‘How to reverse global wildlife declines by 2050’
22nd Sep, 2020
- Biodiversity loss is a disturbing threat with few parallels. Of the nine greatest threats to the world ranked by the World Economic Forum, six relate to the ongoing destruction of nature.
Decline in wildlife population
- Species are going extinct at an unprecedented rate. Wildlife populations have fallen by more than two-thirds over the last 50 years, according to a new report from the World Wildlife Fund.
- The sharpest declines have occurred throughout the world’s rivers and lakes, where freshwater wildlife has plummeted by 84 per cent since 1970 — about four per cent per year.
How health of nature is intimately linked to the health of humans?
- The emergence of new infectious diseases like COVID-19 tend to be related to the destruction of forests and wilderness.
- Healthy ecosystems are the foundation of today’s global economies and societies, and the ones we aspire to build.
- As more and more species are drawn towards extinction, the very life support systems on which civilisation depends are eroded.
Bending the curve
- The targets of the UN Convention on Biological Diversity call for global trends of terrestrial wildlife to stop declining and start recovering by 2050 or earlier. Changes in how land is used – from pristine forest to cropland or pasture – rank among the greatest threats to biodiversity on land worldwide.
The necessary conditions for biodiversity to recover during the 21st century while still supporting growing and affluent human societies:
- Renewed ambition from the world’s governments:
- First, there must be renewed ambition from the world’s governments to establish large-scale conservation areas, placed in the most valuable hotspots for biodiversity worldwide, such as small islands with species found nowhere else. These reserves, in which wildlife will live and roam freely, will need to cover at least 40% of the world’s land surface to help bend the curve from decline to recovery for species and entire ecosystems.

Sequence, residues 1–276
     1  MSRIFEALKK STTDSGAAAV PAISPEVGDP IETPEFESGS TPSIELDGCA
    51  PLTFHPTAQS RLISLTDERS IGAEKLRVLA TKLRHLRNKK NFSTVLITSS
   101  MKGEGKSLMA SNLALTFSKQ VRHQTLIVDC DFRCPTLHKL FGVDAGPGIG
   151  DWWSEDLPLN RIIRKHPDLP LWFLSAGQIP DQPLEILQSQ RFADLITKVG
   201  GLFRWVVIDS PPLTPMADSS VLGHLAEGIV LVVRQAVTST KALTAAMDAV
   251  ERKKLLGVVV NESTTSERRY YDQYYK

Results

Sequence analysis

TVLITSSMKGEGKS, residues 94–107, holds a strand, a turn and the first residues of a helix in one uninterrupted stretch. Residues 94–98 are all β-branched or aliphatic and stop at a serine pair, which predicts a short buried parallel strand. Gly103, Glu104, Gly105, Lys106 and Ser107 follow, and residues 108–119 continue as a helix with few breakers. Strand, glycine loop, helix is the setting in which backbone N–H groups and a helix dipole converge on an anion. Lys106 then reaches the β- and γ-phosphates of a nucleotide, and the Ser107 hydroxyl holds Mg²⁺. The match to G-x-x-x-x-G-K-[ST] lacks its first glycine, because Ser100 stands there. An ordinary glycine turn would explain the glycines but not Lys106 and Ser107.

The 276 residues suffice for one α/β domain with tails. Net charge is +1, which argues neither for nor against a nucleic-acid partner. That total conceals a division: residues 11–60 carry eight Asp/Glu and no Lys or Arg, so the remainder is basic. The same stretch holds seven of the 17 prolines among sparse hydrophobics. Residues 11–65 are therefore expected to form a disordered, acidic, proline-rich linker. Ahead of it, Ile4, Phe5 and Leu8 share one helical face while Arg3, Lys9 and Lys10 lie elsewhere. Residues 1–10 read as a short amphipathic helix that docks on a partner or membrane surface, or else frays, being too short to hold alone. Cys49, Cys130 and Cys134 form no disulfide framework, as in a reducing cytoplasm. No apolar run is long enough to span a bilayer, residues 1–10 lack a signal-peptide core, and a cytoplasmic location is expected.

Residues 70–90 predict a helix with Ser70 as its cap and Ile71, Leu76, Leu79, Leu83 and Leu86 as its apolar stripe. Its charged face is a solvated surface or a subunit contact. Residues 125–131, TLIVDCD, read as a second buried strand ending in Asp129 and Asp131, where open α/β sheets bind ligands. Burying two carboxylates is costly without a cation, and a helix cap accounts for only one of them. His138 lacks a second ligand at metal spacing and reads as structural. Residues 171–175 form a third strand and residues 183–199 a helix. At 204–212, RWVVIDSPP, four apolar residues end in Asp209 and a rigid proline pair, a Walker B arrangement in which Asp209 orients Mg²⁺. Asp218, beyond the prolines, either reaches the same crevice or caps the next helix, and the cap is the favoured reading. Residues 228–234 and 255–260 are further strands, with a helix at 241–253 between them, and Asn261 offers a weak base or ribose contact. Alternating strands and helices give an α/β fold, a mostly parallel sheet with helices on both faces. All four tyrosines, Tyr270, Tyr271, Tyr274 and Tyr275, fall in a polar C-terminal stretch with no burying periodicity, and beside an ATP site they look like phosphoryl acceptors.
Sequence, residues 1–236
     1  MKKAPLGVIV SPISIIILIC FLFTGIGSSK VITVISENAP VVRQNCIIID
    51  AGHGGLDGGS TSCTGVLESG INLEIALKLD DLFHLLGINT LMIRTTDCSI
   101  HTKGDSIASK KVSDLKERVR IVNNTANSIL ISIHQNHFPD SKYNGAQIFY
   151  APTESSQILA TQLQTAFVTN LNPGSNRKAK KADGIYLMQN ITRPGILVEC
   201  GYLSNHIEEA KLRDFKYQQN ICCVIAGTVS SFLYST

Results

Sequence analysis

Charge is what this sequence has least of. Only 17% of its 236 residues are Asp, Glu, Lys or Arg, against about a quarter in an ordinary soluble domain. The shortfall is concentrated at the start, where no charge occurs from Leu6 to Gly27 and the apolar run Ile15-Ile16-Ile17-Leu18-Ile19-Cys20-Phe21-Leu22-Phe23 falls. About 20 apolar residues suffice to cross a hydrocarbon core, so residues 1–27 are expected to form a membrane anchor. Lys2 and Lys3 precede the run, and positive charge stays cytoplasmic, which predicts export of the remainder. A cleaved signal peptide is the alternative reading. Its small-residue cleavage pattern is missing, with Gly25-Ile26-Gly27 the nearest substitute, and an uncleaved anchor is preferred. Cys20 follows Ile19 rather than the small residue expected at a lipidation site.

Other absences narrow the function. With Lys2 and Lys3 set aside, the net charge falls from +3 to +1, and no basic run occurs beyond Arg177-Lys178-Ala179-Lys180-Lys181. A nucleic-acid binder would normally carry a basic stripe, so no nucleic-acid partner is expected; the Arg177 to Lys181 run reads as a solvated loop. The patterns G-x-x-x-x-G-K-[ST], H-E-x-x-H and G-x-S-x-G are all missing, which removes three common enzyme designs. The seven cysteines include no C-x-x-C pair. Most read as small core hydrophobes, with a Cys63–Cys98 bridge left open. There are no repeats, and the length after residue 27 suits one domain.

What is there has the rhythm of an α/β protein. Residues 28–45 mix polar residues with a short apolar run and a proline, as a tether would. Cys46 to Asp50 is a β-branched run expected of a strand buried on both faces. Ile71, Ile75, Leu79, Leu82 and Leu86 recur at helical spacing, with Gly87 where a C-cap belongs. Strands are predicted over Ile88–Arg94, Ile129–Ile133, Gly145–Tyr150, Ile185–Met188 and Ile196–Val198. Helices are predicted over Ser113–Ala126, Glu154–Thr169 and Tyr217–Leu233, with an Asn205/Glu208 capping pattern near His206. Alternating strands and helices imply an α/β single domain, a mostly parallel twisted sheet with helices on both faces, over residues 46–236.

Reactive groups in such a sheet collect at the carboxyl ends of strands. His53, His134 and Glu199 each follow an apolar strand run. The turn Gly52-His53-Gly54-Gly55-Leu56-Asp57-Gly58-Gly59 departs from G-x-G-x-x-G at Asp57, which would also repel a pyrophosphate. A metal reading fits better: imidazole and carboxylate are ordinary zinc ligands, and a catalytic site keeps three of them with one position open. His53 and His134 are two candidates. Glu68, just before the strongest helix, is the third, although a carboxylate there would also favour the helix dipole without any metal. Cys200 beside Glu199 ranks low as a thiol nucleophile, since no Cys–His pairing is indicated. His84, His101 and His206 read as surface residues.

- The location of these areas, and how well they are managed, is often more important than how big they are. Habitat restoration and conservation efforts need to be targeted where they are needed most – for species and habitats on the verge of extinction.
- The next 30 years will prove pivotal for Earth’s biodiversity.
ii. Need to transform our food systems :
- Second, we must transform our food systems to produce more on less land. If every farmer on Earth used the best available farming practices, only half of the total area of cropland would be needed to feed the world. There are lots of other inefficiencies that could be ironed out too, by reducing the amount of waste produced during transport and food processing, for example. Society at large can help in this effort by shifting towards healthier and more sustainable diets, and reducing food waste.
- This should happen alongside efforts to restore degraded land, such as farmland that’s becoming unproductive as a result of soil erosion, and land that’s no longer needed as agriculture becomes more efficient and diets shift. This could return 8% of the world’s land to nature by 2050. It will be necessary to plan how the remaining land is used, to balance food production and other uses with the conservation of wild spaces.
- Without a similar level of ambition for reducing greenhouse gas emissions, climate change will ensure the world’s wildlife fares badly this century. Only a comprehensive set of policy measures that transform our relationship with the land and rapidly scale down pollution can build the necessary momentum. Our report concludes that transformative changes in our food systems and how we plan and use land will have the biggest benefits for biodiversity.
- But the benefits wouldn’t end there. While giving back to nature, these measures would simultaneously slow climate change, reduce pressure on water, limit nitrogen pollution in the world’s waterways and boost human health. When the world works together to halt and eventually reverse biodiversity loss, it’s not only wildlife that will thrive.
The great variety of life on earth has provided for man’s needs over thousands of years. The diversity of life on earth is so great that if we use it sustainably we can go on developing new products from biodiversity for many generations. This can only happen if we manage biodiversity as a precious resource and prevent the extinction of species.